Parent Information

How College is Different

How College is Legally Different from High School

High School


1) Individuals with Disabilities Act (IDEA) - is the law that covers high school students for accommodations.

1) Americans with Disabilities Act (ADA) - is the law that covers college students for accommodations.

2) Public schools are expected to identify students whose unfavorable learning outcomes are caused by a disability.

2) Colleges students have a right to privacy, it's against the law to ask them if they have a disability, so if they want accommodations they must self-disclose.

3) Accommodations are intend to ensure successful outcomes. The school is responsible for the students academic success.

3) Accommodations are intended to ensure equal access and opportunity. Each student is responsible for their own academic success.

4) The school is expected to monitor the student and communicate with parents.

4) Students are expected to monitor their own progress. The student must give the university permission to communicate with parents.

5) A student cannot be suspended for poor academic performance.

5) Any student can be suspended for poor academic performance whether or not there is a disability.

How College Students are Different from High School

  • College students have an adult’s right to privacy.
  • Students who need additional support are expected to request it, vs wait for someone else to notice.
  • Regardless of a disability, all students are expected to earn a C average, otherwise they may be suspended.

How College Course Work is Different from High School

  • A college course tends to go quickly and deeply into the subject matter. The professor may be changing what is taught from one semester to the next. Anyone who isn’t hearing the lectures and reading the textbook probably has limited ability to help a student on lessons.
  • All students are expected to do the same course work and are graded the same way, regardless of any disability issues.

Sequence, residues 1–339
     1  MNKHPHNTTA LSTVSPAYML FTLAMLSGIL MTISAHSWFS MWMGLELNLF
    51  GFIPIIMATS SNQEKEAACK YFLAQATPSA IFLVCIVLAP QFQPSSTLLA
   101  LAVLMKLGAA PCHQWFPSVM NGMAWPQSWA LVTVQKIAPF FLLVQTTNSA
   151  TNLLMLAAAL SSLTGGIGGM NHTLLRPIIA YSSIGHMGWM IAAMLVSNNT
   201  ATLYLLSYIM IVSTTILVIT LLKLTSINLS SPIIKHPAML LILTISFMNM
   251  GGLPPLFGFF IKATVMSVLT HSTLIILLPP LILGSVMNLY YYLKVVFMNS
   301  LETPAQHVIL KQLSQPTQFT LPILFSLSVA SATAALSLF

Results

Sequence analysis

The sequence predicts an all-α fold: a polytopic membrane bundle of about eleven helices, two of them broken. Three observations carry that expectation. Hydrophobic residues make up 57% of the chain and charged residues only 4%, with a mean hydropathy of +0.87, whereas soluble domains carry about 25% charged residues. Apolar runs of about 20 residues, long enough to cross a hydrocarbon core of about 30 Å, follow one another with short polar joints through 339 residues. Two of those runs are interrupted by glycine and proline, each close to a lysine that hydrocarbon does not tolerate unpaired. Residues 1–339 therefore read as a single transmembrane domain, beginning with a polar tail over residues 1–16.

• The reading assignments are considerably larger than in high school.
  • There are few tests, so the tests that do occur cover more information and count heavily. There can be test questions about reading assignments, even though the professor never discussed the reading in class.
  • Besides tests, there are few other ways to earn points for grades.
  • Because of all these things, students should be studying all the time, even if no test is about to occur. There is simply too much to learn by studying only now and then.

How Professors are Different from High School Teachers

  • Professors don’t watch individual students closely to make sure they’re being successful.
  • Professors lecture during class, and expect students to independently study and perform assignments on their own time.
  • Professors rarely grade students on effort; grades are usually based entirely on the students’ ability to demonstrate what they’ve learned.
  • Professors rarely allow students to repeat a test or assignment for a higher grade.
  • Professors may deduct more points than high school teachers for late assignments, compared to high school teachers.
  • If someone asks a professor how a particular student is doing many weeks after a course has begun, the professor may say, "I'm not sure, so far we haven't had any tests or assignments."

Contact Us

Ability Services
Phone: 715-425-0740
Fax: 715-425-0742
Monday - Friday, 8 a.m. - 4:30 p.m.
129 Hagestad Hall